In the second sub-section are stated special rules for compensation when the minor acted fraudulent and similar situations.
Another enrichment rule may be found within the legislation concerning bills of exchange, that is växellagen section 74 (The Bill of Exchange Act). This rule, which was inspired by an old German rule in the Wechselordnung from 1848, came into force 1880 and was unchanged in the following Bill of Exchange Act from 1932, which is still in force. According to this rule may, when a bill of exchange becomes stature barred, the creditor still receive compensation for the debtor’s enrichment. A similar rule apply for cheques, according to checklagen section 57 (the Cheque Act). These special rules emanate from efforts to harmonise the legislation in Europe, which explains why these rules found their way into the Swedish system, despite Sweden’s reluctant attitude.
How the compensation according to these rules are supposed to be calculated in practise is unclear and have been a matter of discussion, especially concerning the rule in the Bills of Exchange Act. Different theories on how the enrichment should be calculated have been developed. The enrichment rules in these two acts are of a special kind, and will therefore not get any detailed presentation here. Some remarks of the purpose behind these rules may however be in order, since they are something of anomalies. It follows from the rules that when a bill of exchange or a cheque is stature barred may a new claim arise; an unjust enrichment claim. It seems somewhat peculiar that the fact that a claim has been stature barred could in itself entail the rise of a new, different, claim. The reason seems to be that if someone has a claim manifested in a bill of exchange, for instance, this claim generally has a ground in a “material claim”. For example: A buys a car from B who in return gives A a bill of exchange, which A himself keeps. If A does not in due time demand the money from B and the bill of exchange is therefore stature barred would B get the car for free if A could not claim payment for the car. B would then be unjustly enriched, as the argument goes. This is the background for these enrichment rules.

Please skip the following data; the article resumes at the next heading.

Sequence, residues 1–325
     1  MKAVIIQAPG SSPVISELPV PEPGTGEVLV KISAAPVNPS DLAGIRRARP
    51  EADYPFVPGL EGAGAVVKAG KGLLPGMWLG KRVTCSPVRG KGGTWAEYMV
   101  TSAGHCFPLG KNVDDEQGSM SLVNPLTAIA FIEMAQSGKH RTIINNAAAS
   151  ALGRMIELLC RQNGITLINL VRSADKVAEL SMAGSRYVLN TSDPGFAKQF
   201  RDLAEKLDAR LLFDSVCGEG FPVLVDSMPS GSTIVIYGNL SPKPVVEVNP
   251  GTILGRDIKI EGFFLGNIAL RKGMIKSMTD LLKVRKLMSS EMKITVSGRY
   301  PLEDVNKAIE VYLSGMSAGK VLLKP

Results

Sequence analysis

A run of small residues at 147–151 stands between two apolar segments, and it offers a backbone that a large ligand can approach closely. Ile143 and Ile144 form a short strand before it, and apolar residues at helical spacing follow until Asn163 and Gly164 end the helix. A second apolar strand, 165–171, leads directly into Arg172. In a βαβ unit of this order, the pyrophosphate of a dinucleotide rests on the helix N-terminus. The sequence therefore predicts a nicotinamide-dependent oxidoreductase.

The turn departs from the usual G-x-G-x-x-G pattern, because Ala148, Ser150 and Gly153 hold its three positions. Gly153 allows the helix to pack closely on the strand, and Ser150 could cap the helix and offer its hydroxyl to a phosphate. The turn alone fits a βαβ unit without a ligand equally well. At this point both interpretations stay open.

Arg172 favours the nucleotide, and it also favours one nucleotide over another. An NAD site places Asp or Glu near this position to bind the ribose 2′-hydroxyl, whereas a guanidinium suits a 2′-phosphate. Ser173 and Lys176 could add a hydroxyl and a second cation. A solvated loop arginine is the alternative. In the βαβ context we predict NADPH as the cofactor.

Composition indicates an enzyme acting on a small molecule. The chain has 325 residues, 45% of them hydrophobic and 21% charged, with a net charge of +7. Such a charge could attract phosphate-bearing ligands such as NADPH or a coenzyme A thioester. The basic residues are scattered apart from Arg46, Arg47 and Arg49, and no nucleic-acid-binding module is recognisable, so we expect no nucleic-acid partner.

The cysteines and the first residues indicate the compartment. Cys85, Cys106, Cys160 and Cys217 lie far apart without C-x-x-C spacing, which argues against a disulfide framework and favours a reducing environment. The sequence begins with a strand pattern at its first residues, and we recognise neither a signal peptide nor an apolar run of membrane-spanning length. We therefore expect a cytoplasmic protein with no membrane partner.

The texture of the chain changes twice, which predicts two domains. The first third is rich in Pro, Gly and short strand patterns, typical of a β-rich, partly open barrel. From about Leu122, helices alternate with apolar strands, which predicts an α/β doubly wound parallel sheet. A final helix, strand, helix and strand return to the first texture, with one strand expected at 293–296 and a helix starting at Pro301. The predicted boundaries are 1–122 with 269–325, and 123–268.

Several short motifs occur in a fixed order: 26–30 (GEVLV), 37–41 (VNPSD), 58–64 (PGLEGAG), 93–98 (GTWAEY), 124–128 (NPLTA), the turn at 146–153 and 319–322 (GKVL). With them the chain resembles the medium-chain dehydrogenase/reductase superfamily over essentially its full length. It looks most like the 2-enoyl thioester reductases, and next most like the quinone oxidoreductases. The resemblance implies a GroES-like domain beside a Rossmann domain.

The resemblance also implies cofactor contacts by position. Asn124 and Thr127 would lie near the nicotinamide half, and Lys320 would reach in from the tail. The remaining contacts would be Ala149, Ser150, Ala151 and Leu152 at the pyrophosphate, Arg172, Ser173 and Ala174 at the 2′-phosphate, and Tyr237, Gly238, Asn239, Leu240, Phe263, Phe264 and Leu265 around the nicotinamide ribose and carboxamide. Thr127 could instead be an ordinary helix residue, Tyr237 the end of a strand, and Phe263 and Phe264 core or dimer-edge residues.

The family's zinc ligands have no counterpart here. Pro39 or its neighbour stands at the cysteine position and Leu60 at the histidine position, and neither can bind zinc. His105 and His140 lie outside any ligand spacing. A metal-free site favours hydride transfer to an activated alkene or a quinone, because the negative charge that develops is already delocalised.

In Hellner’s book on unjust enrichment in Sweden, one category is presented in a special section outside the systematic examination of the concept in Swedish law, namely a group of court decisions concerning the right to cut and take timber. The reason for this special treatment is that Hellner’s exposition is systematically restricted to unjust enrichment outside contract, and the court decisions in the special section concerns contractual situations. Nevertheless has Hellner deemed it necessary to include these cases and the main reason for this is probably that these are the only cases where the courts actually has applied a general rule of unjust enrichment in recent times.
The decisions Hellner presents are by now fairly old, the last decision is from the 1931, but of a special interest since they deviate from what was earlier said, that compensation on the ground of unjust enrichment is not acknowledged in the absence of specific statutory regulations. In these cases the Supreme Court did recognise an enrichment-based right to compensation under special circumstances concerning timber. The importance of these decisions should not be overestimated. They should rather be seen as a special solution in situations that are probably not frequently occurring today. Both Hellner and Tiberg has emphasised that these decisions are not suitable for analogies. Nevertheless should some account of the cases be given.